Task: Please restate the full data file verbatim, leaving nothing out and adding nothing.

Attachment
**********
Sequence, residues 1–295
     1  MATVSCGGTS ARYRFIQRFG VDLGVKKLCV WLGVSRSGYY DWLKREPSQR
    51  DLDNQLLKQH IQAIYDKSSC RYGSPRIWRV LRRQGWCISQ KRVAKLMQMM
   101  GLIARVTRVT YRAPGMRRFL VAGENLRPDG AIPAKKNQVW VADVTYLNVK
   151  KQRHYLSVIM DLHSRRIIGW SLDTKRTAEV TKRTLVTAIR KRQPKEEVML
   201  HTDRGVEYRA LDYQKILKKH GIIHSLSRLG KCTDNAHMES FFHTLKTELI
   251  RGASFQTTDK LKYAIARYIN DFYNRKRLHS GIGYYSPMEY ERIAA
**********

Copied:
Sequence, residues 1–295
     1  MATVSCGGTS ARYRFIQRFG VDLGVKKLCV WLGVSRSGYY DWLKREPSQR
    51  DLDNQLLKQH IQAIYDKSSC RYGSPRIWRV LRRQGWCISQ KRVAKLMQMM
   101  GLIARVTRVT YRAPGMRRFL VAGENLRPDG AIPAKKNQVW VADVTYLNVK
   151  KQRHYLSVIM DLHSRRIIGW SLDTKRTAEV TKRTLVTAIR KRQPKEEVML
   201  HTDRGVEYRA LDYQKILKKH GIIHSLSRLG KCTDNAHMES FFHTLKTELI
   251  RGASFQTTDK LKYAIARYIN DFYNRKRLHS GIGYYSPMEY ERIAA